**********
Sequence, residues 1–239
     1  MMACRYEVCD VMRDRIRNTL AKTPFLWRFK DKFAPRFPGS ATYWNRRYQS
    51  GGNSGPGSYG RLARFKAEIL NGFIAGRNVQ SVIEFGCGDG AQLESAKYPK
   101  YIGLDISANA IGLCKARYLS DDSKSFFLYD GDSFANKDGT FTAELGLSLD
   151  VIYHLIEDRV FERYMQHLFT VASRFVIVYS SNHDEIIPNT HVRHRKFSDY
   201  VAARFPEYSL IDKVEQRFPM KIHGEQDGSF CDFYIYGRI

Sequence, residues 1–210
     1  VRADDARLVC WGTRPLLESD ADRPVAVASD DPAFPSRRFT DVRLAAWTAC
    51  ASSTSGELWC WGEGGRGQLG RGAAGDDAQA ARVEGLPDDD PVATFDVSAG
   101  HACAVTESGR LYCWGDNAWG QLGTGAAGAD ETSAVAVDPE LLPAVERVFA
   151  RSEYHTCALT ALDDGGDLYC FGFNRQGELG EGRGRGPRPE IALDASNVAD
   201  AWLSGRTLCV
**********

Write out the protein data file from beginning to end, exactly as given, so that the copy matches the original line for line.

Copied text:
Sequence, residues 1–239
     1  MMACRYEVCD VMRDRIRNTL AKTPFLWRFK DKFAPRFPGS ATYWNRRYQS
    51  GGNSGPGSYG RLARFKAEIL NGFIAGRNVQ SVIEFGCGDG AQLESAKYPK
   101  YIGLDISANA IGLCKARYLS DDSKSFFLYD GDSFANKDGT FTAELGLSLD
   151  VIYHLIEDRV FERYMQHLFT VASRFVIVYS SNHDEIIPNT HVRHRKFSDY
   201  VAARFPEYSL IDKVEQRFPM KIHGEQDGSF CDFYIYGRI

Sequence, residues 1–210
     1  VRADDARLVC WGTRPLLESD ADRPVAVASD DPAFPSRRFT DVRLAAWTAC
    51  ASSTSGELWC WGEGGRGQLG RGAAGDDAQA ARVEGLPDDD PVATFDVSAG
   101  HACAVTESGR LYCWGDNAWG QLGTGAAGAD ETSAVAVDPE LLPAVERVFA
   151  RSEYHTCALT ALDDGGDLYC FGFNRQGELG EGRGRGPRPE IALDASNVAD
   201  AWLSGRTLCV